W3C home > Mailing lists > Public > public-xg-webid@w3.org > February 2011

RE: [keyassure] publishing the public key

From: Peter Williams <home_pw@msn.com>
Date: Mon, 21 Feb 2011 16:19:37 -0800
Message-ID: <SNT143-w47F53FE1957D2BE18AF98D92D80@phx.gbl>
To: <henry.story@bblfish.net>, Stephen Kent <kent@bbn.com>
CC: "public-xg-webid@w3.org" <public-xg-webid@w3.org>

i dont think of a domain-name as ip:port. I think of domain name as a named container, for such as service records, DNAMES, NAPTRs,.... 
 
A sequence of certs in a chain, a sequence of signed XRDs indicating meta-relationships in google-land, a sequence of signed zones in IANA land ... are all essentially the same thing. 
 
What is interesting is that the DNS and zone signing doesnt seem to be being used to replace cert chaining handoffs - but to qualify a given cert - starting with the rnm-cert known as a trust anchor. the issuer of the DNS record (the zone authority) is essentially making statements about a cert/key, inviting the verifier to override the cert's own statement with the statements of the "qualifying agent". If I read between the lines, in the usual dominance relationship of cert chains, if the topmost cert/trust-anchor is invalid (becuase a DNS record asserts it so, once the TTL expires of the record copy), then so is the EE cert at the end of the chain.
 
keyassure makes some sense for a trust anchor for an n-element cert chain - in which the DNS record's various properties are inherited by the trust anchor (encoded in a self-signed cert package). Should its properties then control the validity of a chain of assertions? 
 
We didnt go there in webid land, todate. WE simply said, there exist trust anchors (self-signed cert) that can authenticate an EE using a combination of the SSL client authn procedure plus the openid thesis (about controlling the identity document...). Rather than then discover and walk a chain of authority certs, one discovers and then walks a linked data network in RDF land. To authenticate each RDF document that is an element of that linked data graph, one uses https and server certs as normal so that the https channel speaks authoritatively for that RDF document's integrity and data origin authentication - in the style of Lampson's theorem that has an (authorized) channel speak for the revocation of a cert by either release or not releasing that cert as content on the channel.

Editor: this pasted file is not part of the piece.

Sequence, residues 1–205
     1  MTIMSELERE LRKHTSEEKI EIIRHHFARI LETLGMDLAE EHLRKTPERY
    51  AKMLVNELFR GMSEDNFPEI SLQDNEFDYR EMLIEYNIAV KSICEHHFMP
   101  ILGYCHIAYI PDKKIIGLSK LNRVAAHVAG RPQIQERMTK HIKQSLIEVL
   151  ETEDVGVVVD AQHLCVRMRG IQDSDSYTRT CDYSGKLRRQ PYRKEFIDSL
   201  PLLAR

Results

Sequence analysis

> From: henry.story@bblfish.net
> Date: Tue, 22 Feb 2011 00:49:38 +0100
> CC: public-xg-webid@w3.org; keyassure@ietf.org
> To: kent@bbn.com
> Subject: Re: [keyassure] publishing the public key
> 
> 
> On 21 Feb 2011, at 23:10, Stephen Kent wrote:
> 
> > At 4:29 PM +0100 2/21/11, Henry Story wrote:
> >> (Just a summary of what I understood of this thread, and a few new ideas)
> >> 
> >> On 20 Feb 2011, at 23:58, Paul Hoffman wrote:
> >> 
> >>> On 2/20/11 2:51 PM, Paul Wouters wrote:
> >>>> The whole point is we do not want to identify a cert. We want to identify a key.
> >>> 
> >>> That's not the case currently, at least for many of us. Given that the only thing that can be used in TLS to identify the server is a certificate, most of us want to identify that certificate (or a trust anchor that the certificate chains to).
> >> 
> >> One needs to go beyond appearances a little here. My argument is that what identifies a server in TLS is a public key.
> > 
> > Do you mean "identifies" or "authenticates?" I think most folks view the DNS name (or URL) as the identity of the web site.
> 
> Partly. The DNS domain name is a name that one could think of as referring to a set of services, each of those having a name of the form name:port. The relation between the service name and the public key forms an identifying description, or I should say a definite description as it is known in philosophy. I used the following example:
> 
> name:port knowsPrivateKeyof pubK 
> 
> That sentence does not authenticate, it describes. But it is part of the TLS authentication protocol. Authentication is the process that uses that information to prove the authorship of the messages sent down a socket.
> 
> > We're debating the mechanics of how to enable a client to verify that the asserted identity matches the client's expectations, based on the content of a series of DNS records.
> 
> Yes, that is what the next part of my e-mail was describing the logic of. Now in the case of server identity the client knows what it wants the server's identity to be, since it initiated the call, went to DNS, found the ip address, and connected. The clienet can then use the public key found in DNS (or returned by the server) to authenticate the service it is connected to.
> 
> > 
> > Steve
> 
> Social Web Architect
> http://bblfish.net/
> 
> 
 		 	   		  
Received on Tuesday, 22 February 2011 00:20:11 UTC

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